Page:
Preparing the Datsun Roadster Frame
Preparing the Frame
The first thing to do is to prepare your roadster frame for the new SR. This will involve removing the existing radiator, engine, transmission, driveshaft, and exhaust system. You want the already-too-small engine compartment to be free of as many items as possible. Now is an excellent time to pressure wash and clean the frame before doing any fabrication work. You want your work surfaces to be as clean as possible, this not only makes things a lot nicer for fabrication work, and it also prevents you from becoming a giant grease ball by the time the project is done.
One of the first things that I do when I start working on a roadster is rounding off all the sharp edges on the frame and body. The stock roadster frame will quickly fillet you with all of its sharp edges. A few minutes spent at the start of this project will save you many cuts and bruises down the road.
Should I Remove the Body From the Frame?
This is a great time to make the decision to keep the body on the frame, or remove it for ease of fabrication. The first few SR swaps that I did into roadsters, I left the body on the frame. This was nice to use as a reference point to know where the firewall and sides of the engine compartment frame rails were, but it also made doing the modifications to the X-member and the other spots on the frame much more difficult.
Now when we do this conversion, we remove the body from the frame, and put it onto a body cart to keep it safe from damage, and to allow much better clearance to the frame.
Now doing the modifications on the X-member for the transmission mount, speed sensor, and opening up the exhaust holes is much easier than before. We also have the benefit of having a front half of a recently scrapped roadster (aka Buck) to bolt onto the frame for firewall, radiator core support, or frame rail reference. Since roadsters generally have the same engine compartment dimensions (such as firewall placement) this is a great tool for modifying the frame.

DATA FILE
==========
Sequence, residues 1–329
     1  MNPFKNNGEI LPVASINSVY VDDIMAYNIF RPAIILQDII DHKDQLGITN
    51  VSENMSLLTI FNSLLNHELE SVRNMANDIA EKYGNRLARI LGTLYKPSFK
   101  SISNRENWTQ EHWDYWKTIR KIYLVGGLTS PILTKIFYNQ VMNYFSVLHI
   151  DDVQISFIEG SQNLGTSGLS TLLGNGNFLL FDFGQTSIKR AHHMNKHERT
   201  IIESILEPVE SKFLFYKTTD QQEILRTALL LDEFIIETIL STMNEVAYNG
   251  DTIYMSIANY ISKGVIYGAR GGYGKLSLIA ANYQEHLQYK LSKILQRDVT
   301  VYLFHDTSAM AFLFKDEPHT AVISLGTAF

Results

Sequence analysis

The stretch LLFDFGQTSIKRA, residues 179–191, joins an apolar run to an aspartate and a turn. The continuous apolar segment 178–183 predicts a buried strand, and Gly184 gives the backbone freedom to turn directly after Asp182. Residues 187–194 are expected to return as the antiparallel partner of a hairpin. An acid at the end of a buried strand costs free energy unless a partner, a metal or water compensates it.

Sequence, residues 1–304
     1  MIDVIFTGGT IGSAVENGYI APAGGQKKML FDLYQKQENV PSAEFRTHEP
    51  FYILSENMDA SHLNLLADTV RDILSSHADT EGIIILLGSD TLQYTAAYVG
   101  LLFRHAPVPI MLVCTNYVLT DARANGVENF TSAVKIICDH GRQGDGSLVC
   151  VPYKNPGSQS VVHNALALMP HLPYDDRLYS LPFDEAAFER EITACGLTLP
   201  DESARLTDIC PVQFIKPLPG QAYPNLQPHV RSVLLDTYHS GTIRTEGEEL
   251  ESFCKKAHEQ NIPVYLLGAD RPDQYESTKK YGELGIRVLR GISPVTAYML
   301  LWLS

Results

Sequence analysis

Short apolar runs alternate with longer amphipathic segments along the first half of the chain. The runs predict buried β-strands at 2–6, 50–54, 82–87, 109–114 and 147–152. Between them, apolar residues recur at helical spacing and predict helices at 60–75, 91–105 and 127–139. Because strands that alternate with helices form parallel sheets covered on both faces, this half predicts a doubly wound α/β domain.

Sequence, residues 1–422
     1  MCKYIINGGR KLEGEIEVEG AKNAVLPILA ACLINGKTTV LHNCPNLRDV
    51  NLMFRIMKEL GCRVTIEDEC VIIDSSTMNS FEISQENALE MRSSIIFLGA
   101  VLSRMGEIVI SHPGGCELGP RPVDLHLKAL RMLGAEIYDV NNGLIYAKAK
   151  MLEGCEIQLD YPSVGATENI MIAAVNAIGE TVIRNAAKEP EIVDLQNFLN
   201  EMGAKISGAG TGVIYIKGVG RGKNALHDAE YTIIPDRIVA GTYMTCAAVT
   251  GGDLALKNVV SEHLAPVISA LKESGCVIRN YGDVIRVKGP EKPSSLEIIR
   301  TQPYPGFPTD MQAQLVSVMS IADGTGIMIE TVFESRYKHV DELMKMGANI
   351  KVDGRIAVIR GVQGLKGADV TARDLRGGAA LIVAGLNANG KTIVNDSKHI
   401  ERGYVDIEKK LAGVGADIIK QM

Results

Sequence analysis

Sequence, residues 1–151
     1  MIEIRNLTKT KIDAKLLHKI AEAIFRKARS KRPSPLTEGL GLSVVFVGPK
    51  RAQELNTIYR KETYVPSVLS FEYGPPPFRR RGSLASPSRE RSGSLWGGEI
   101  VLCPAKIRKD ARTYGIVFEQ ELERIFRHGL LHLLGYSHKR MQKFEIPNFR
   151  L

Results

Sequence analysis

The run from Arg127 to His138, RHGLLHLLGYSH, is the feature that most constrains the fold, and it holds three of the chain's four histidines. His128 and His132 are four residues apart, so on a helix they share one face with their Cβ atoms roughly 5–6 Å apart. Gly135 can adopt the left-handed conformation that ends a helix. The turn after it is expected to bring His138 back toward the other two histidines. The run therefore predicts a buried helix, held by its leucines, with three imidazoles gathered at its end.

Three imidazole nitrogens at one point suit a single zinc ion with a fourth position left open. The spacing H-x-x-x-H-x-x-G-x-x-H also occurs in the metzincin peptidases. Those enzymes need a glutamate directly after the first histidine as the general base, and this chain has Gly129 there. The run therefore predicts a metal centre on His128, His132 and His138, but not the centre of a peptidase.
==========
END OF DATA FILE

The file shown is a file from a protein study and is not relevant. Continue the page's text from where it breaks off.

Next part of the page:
Assuming that we have decided to remove the body from the frame, we can start doing the modifications to the frame to fit the SR into the engine compartment.
Mount the stripped and cleaned frame on a set of heavy duty jack stands. I like to work with the frame about 24″ off of the ground, but find a suitable working height that feels comfortable to you.
After the frame is sitting on the jack stands, shim it as necessary to get it as level and square as possible. Use your magnetized level to check that the frame is level in more than one place. Give the frame a wiggle test to make sure that it is stable, and will not fall if something was bumped into it. You will be working at some unusual angles when doing the frame modifications, and it is very important that the frame is sitting solidly on the jack stands!
Once the frame is setup, scribe the center line on the front cross member and the X-member. This line will be very important, so be sure to use a good scribe and mark the frame carefully as we will reference this line many times during the conversion.
The front cross member can be difficult to mark, but I find that it is easiest to measure between the rectangular mounts (see photo) and to scribe a center line. The approximate dimension from side to side is (6 1/4″).